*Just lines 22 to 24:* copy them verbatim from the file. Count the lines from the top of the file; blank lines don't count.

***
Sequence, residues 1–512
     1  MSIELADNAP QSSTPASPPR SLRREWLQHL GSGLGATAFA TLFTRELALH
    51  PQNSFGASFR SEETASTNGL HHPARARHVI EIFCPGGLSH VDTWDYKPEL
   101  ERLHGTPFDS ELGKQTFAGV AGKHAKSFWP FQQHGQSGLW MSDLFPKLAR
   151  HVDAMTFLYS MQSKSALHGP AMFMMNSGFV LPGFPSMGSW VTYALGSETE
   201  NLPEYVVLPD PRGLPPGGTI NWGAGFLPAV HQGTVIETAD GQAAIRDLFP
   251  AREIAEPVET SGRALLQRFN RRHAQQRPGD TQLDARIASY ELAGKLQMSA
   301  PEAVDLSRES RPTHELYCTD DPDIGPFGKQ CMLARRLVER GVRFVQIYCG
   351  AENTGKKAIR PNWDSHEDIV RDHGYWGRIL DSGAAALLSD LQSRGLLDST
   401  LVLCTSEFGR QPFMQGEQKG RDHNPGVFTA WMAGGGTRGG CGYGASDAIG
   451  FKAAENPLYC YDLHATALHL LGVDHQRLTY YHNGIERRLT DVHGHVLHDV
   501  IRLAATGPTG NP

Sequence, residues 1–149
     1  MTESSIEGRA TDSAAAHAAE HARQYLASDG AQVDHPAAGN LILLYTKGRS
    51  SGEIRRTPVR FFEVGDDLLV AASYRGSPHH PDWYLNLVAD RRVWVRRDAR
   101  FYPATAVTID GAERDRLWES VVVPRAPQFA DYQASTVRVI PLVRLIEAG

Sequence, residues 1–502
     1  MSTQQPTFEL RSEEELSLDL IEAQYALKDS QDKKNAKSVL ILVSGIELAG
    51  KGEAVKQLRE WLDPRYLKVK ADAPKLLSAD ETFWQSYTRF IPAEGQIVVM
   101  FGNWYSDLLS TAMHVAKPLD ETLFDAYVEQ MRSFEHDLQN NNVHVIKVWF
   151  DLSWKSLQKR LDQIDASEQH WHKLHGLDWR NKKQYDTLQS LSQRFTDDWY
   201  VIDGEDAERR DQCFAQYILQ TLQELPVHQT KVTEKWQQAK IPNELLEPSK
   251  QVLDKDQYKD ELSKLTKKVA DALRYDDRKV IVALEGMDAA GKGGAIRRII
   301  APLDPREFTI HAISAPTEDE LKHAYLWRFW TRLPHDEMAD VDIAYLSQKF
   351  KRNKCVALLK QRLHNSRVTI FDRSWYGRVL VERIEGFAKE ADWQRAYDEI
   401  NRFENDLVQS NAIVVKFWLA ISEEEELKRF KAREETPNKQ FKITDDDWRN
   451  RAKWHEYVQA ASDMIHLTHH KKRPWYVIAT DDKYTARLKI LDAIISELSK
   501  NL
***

   201  VIDGEDAERR DQCFAQYILQ TLQELPVHQT KVTEKWQQAK IPNELLEPSK
   251  QVLDKDQYKD ELSKLTKKVA DALRYDDRKV IVALEGMDAA GKGGAIRRII
   301  APLDPREFTI HAISAPTEDE LKHAYLWRFW TRLPHDEMAD VDIAYLSQKF